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OTCaveats

Caveats -- Common pitfalls with explanation and solution

Collection.remove seems broken

The following snippet produces an unexpected result:

team class T {
    protected class R playedBy B {}
    ArrayList<B> bases= new ArrayList<B>();
    void test(R r) {
        int oldSize= bases.size();
        bases.add(r);
        bases.remove(r);
        if (oldSize != bases.size())
                throw new RuntimeException("WRONG RESULT WILL OCCUR");
    }
}
  • Reason: The API of Collection and implementing classes is asymmetric:
    boolean  add(E e);
    boolean  remove(Object o);

    This causes the add invocation to lower (OTJLD §2.2) the argument thus adding the associated B instance to the list. However, remove does not know that the list contains Bs, so it tries to remove the role, which is not found in the list.

    This should be seen as a bug in the API of Collection, the OT/J compiler actually behaves as specified.
  • Update: Starting with release 1.3.0M3 the compiler will signal a warning regarding new rule OTJLD §2.2(f) to alert the developer of this situation:
        bases.remove(r);
                     ^
    Assigning a T.R<@tthis[T]> to java.lang.Object is ambiguous: will not apply lowering to B because direct upcasting is sufficient (OTJLD 2.2(f)).
  • Workaround: Before invoking Collection.remove on a collection containing base objects while the object to be removed might be passed as a role, it is necessary to assign the role to a variable of the base type to force lowering:
    ...
        void test(R r) {
            int oldSize= bases.size();
            bases.add(r); // implicitly lowered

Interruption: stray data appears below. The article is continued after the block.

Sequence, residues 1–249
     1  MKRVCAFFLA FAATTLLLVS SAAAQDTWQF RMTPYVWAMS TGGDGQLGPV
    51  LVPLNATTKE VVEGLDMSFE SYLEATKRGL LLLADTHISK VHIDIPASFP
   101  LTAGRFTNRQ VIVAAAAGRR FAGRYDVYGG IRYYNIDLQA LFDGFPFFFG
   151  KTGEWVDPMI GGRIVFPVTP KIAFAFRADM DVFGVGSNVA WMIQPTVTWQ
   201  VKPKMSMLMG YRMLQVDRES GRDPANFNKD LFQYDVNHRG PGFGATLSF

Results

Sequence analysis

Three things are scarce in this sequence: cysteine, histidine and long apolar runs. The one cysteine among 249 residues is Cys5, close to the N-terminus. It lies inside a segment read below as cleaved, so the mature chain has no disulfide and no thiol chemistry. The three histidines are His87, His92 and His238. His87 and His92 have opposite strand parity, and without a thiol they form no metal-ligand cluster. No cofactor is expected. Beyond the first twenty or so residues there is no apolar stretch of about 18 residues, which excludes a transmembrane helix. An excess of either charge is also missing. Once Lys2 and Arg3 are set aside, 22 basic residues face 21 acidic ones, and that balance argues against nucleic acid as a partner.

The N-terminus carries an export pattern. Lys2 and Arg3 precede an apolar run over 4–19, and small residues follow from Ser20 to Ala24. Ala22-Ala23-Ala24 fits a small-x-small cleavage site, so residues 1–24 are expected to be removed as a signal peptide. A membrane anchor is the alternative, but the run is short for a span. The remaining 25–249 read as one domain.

B b= r; // force lowering
            bases.remove(b);
            if (oldSize != bases.size())
                    throw new RuntimeException("WILL NOT HAPPEN");
        }
    ...

    Wicked super calls

    If a method of a base class contains a super call to a method other than the directly overridden method this can produce unexpected results in conjunction with callin method bindings.

    Here is an example of what I call a wicked super call:

    public class B0 {
        void bm() { }
    }
    public class B1 extends B0 {
        void bm2() {
            super.bm(); // wicked super call
        }
    }

    In the simplest case the following aspect will not be triggered:

    public team class T1 {
        protected class R playedBy B1 { // note that B0 is not directly affected
            void rm() { }
            rm <- after bm;
        }
        public static void main(String[] args) {
            new T1().activate();
            new B1().bm2();
        }
    }
    • Explanation: The wicked super call regards the instance as of type B0, thus the aspect binding for type B1 is not triggered.

    Here is a more involved example:

    public class B0 {
        void bm() { }
    }
    public class B1 extends B0 {
        void bm2() {
            super.bm(); // wicked super call
        }
        void bm() {
            bm2();